Army Personnel Chief: No Change in Standards for Mental Health Waivers
The U.S. Army said Monday it has made no changes to its policy for granting mental health waivers to recruits entering the service.
A statement from Lt. Gen. Thomas C. Seamands, deputy chief of staff for Army personnel (G1), came a day after USA Today reported that people with a history of self-mutilation, bipolar disorder, depression, and drug and alcohol abuse can now seek waivers to join the service under an unannounced policy enacted in August.
"Recent reports that the Army has changed medical entrance standards for those with mental health issues are inaccurate," Seamands said in the statement. "The Army has made no such policy change and follows the accession standards prescribed by the Department of Defense."
USA Today reported the decision to open Army recruiting to those with mental health conditions comes as the service faces the challenging goal of recruiting 80,000 new soldiers through September 2018.
To meet last year's goal of 69,000, the Army accepted more recruits who fared poorly on aptitude tests, increased the number of waivers granted for marijuana use, and offered hundreds of millions of dollars in bonuses, the outlet reported.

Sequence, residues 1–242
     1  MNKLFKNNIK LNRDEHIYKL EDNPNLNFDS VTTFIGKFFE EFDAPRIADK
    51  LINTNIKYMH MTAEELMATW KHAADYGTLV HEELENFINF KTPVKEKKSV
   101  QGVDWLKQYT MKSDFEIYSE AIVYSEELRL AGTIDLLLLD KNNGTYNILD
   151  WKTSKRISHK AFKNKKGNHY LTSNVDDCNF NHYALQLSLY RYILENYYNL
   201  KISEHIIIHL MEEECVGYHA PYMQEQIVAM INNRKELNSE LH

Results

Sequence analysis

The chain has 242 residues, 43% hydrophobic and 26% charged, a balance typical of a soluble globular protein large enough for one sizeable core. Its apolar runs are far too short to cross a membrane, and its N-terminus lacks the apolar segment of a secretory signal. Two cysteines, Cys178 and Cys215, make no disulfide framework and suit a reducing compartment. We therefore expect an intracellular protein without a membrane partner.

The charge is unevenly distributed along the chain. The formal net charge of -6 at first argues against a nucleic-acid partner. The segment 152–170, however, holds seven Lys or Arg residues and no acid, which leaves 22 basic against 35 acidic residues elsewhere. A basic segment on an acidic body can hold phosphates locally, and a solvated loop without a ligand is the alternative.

The Army, however, said it made a "simple, administrative change" to how waiver requests are approved, Seamands said.
"Previously, these waiver requests could only be approved at the Department of Army Headquarters level," Seamands said. "What the Army has done is change the delegation authority over who may consider a waiver, allowing those requests to be reviewed and approved by U.S. Army Recruiting Command, or in the case of the National Guard, by the State Adjutant General."
Seamands said that a child who received behavioral counseling at age 10 would be "forever banned from military service were it not for the ability to make a waiver request."
"We're not prepared to close the door on such individuals who are otherwise medically, mentally and physically qualified for military service," he said. "We think this is the right thing for our Army, and the selfless young men and women who wish to serve."
The statement, however, didn't address whether the Army granted waivers to individuals who had practiced self-mutilation, such as slashing the skin with sharp instruments -- a behavior that can signal deeper mental health issues, according to USA Today.
-- Matthew Cox can be reached at firstname.lastname@example.org.
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